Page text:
So what do we need to know about Sussex?
The fourth restaurant by The Gladwin Brothers aims to follow the success of their other London restaurants - The Shed, in Notting Hill, Rabbit, on the Kings Road, and Nutbourne, in Battersea. Oliver Gladwin heads up the kitchen team, serving an ‘English countryside’ menu in the heart of Soho.
Where is it?
It's on Frith Street, already teeming with great establishments. On your way to Sussex, you’ll pass Hoppers, Koya, Barshu and Ronnie Scott’s - to name just a few. The team have (rather ambitiously) taken over what was previously Anthony Demetre’s Arbutus, which closed in 2016 after 10 years in operation.
And why should we go now?
One of the strongest points of any of the Gladwin’s restaurants is the provenance of the food served. Ingredients are sourced directly from the Gladwins’ family farm, which is entirely organic for both produce as well as meat. Similarly, there’s a specific section of the wine list dedicated to wines produced at the Gladwin family vineyard, a 10ha plot which produces 40,000 bottles a year (see more on this below).
Oliver’s menu, as with other restaurants in the Gladwin group combines both rustic and the refined dishes, Sussex will additionally focus on using local ingredients and produce which creates minimal waste, throughout each course.
Where should we meet friends for a drink first?
The simple answer is - right here. Thanks to a generously sized space, the team have been able to create a cosy bar, which both casual drinkers and diners are welcome. It’s here that we first started with a glass of the Gladwin’s very own English Sparkling wine, Nutty Brut – made on their West Sussex vineyard, this champagne dead-ringer was the perfect way to get off the mark. There’s also a fetching selection of cocktails which we couldn’t quite manage on this occasion – but are already eyeing up a return to perch, grab a drink and demolish some bar snacks.
So what's on the menu itself?
The menu at Sussex is divided up into snacks, starters, mains with an additional space for specials. The snacks are all around £4, starters are mostly £9.50 and mains ranging from £16-25. If you’re visiting in a group then you’ll want to have a glance at the specials – a list of sharing dishes such as a whole roasted mallard which start at £50 (for two).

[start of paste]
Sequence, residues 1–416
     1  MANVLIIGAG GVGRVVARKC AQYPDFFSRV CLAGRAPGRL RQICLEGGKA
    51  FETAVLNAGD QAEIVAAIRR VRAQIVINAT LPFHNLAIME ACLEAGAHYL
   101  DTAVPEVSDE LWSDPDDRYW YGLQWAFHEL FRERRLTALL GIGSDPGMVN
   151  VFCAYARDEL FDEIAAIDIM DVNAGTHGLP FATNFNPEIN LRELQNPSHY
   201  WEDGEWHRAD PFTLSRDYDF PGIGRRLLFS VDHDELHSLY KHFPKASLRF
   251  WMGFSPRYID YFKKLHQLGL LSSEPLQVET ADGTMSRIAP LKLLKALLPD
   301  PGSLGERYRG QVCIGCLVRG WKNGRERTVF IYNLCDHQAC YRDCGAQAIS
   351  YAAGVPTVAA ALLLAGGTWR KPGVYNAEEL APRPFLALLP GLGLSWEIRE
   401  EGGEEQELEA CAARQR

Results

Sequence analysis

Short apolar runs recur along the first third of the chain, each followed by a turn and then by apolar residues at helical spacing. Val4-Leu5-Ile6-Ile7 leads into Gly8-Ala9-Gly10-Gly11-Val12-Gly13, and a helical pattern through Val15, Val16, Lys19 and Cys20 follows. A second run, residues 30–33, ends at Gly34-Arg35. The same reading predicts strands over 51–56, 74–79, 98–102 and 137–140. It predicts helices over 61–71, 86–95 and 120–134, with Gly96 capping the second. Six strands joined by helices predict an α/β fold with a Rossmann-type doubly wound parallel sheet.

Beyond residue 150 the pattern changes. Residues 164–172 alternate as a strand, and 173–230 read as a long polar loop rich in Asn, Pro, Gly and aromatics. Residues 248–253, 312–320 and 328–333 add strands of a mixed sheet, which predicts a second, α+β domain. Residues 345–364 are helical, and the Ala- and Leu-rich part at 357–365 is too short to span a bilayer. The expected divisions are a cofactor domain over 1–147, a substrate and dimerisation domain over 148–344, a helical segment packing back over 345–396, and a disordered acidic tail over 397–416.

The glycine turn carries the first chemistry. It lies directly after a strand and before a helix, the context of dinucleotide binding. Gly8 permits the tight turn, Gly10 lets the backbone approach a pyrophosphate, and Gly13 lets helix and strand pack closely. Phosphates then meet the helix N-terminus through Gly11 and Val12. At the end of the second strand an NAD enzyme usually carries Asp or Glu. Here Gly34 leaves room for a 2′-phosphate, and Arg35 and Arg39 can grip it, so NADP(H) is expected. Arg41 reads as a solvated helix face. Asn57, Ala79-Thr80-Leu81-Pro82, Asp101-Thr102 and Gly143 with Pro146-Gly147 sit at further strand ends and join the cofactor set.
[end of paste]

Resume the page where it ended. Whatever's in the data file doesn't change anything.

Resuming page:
We made a significant dent in the menu, here’s what we had:
How about the wines?
In addition to an excellent selection of homegrown wines, the list at Sussex will be a breath of fresh air for many – featuring 18 rather alluring options by the glass. We tried our way through a few glasses, each of which was chosen by the friendly team. Looking through the bottle list, there are some gems to be found at a relatively reasonable (£40-£50) price. We would go as far as to say that Sussex has one of the best wine lists of any Soho restaurant right now.
Should we save space for dessert?
We found the mains to be quite filling but would recommend pushing through to try a few of these. The Dark Chocolate & Salt Caramel Viennetta – their take on the dinner party staple is worth a shot. However if there’s one course you should save room for, it’s a visit to the cheese table – a spread of Britain's finest cheesemakers.
Our overall thoughts
Soho has undergone a reshuffle over the last few years with a number of long-time restaurants closing their doors in favour of smaller and often more casual affairs. Sussex bucks the trend and instead looks to bring something more traditional and proven – which we think is a welcome addition to Soho’s dining scene.
Taking on the sizeable Arbutus site was always going to be something of a gamble, but we’re pleased to see that their model of focused produce and menu seems to be paying off for them.
Hot Dinners ate as guests of Sussex, prices correct at the time of writing.
More about Sussex
Where is it? 63-64 Frith St, Soho, London W1D 3JW
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